• If you change the semantics of a DETERMINISTIC function and recompile it, then existing function-based indexes and materialized views report results for the prior version of the function. Thus, if you change the semantics of a function, you must manually rebuild any dependent function-based indexes and materialized views.

I started off in part one looking at the only way DETERMINISTIC made any difference when first implemented – in function-based indexes.

But I want to rewind and yet go forward, leaving the indexing until a future part of this series, and focusing on the benefits of DETERMINISTIC for a simple unindexed function call.

So, the supposed performance benefits of a DETERMINISTIC function come from repeated function calls within a statement.

Set Up

SQL> drop table det1;

Table dropped.

SQL> 
SQL> create table det1
  2  (id          number
  3  ,val1        number
  4  ,padded_val1 varchar2(100)
  5  ,constraint pk_det1 primary key(id));

Table created.

SQL> 
SQL> insert into det1
  2  select rownum
  3  ,      mod(rownum, 10)
  4  ,      rpad(mod(rownum, 10),100)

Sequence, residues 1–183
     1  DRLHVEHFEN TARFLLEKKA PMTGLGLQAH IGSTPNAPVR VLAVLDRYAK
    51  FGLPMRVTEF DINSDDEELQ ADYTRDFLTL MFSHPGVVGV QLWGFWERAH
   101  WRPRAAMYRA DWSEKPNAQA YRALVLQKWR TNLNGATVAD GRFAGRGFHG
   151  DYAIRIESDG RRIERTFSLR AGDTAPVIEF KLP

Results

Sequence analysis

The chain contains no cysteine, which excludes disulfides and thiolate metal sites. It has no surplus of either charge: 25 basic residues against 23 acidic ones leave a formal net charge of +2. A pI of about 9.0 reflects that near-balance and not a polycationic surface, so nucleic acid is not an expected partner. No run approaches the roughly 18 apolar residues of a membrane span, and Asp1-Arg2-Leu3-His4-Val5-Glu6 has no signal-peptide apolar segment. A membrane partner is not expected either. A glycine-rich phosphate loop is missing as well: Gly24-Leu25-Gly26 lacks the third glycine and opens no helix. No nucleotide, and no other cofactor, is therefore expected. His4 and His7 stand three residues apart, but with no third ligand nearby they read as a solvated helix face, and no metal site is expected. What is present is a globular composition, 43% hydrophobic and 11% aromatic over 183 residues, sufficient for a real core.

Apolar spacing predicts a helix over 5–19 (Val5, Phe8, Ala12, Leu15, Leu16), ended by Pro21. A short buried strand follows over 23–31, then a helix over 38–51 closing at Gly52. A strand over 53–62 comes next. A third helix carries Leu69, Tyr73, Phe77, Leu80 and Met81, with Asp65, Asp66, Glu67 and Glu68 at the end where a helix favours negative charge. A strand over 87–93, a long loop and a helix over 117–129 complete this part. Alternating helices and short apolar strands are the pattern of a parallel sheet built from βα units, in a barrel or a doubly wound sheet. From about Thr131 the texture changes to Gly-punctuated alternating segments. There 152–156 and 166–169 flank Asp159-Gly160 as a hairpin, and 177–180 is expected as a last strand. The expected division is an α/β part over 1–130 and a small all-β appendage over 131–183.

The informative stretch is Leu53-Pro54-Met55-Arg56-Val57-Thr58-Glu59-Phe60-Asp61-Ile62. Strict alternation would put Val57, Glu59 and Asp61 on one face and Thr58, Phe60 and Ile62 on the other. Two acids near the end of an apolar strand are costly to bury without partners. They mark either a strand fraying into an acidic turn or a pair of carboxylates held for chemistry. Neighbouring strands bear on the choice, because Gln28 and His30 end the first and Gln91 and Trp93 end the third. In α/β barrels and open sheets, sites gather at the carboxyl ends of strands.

5  from   dual
  6  connect by rownum <= 1000;

1000 rows created.

SQL> 
SQL> exec dbms_stats.gather_table_stats(USER,'DET1');

PL/SQL procedure successfully completed.

SQL> 

Run without DETERMINISTIC

SQL> 
SQL> create or replace function f1 (
  2    i1 in number
  3  )
  4  return number
  5  --deterministic
  6  as
  7  begin
  8   dbms_application_info.set_client_info( sys_context( 'userenv', 'client_info')+1 );
  9   return i1;
 10  end;
 11  /

Function created.

SQL> exec dbms_application_info.set_client_info(0);

PL/SQL procedure successfully completed.

SQL> 
SQL> select sys_context( 'userenv', 'client_info') from dual;

SYS_CONTEXT('USERENV','CLIENT_INFO')
----------------------------------------------------------------------------------------------
0

SQL>